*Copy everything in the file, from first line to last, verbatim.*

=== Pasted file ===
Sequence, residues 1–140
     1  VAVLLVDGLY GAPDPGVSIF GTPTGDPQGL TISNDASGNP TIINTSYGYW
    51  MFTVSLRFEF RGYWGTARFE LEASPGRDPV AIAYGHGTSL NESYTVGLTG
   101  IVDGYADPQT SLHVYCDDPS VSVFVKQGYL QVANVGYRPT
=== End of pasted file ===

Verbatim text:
Sequence, residues 1–140
     1  VAVLLVDGLY GAPDPGVSIF GTPTGDPQGL TISNDASGNP TIINTSYGYW
    51  MFTVSLRFEF RGYWGTARFE LEASPGRDPV AIAYGHGTSL NESYTVGLTG
   101  IVDGYADPQT SLHVYCDDPS VSVFVKQGYL QVANVGYRPT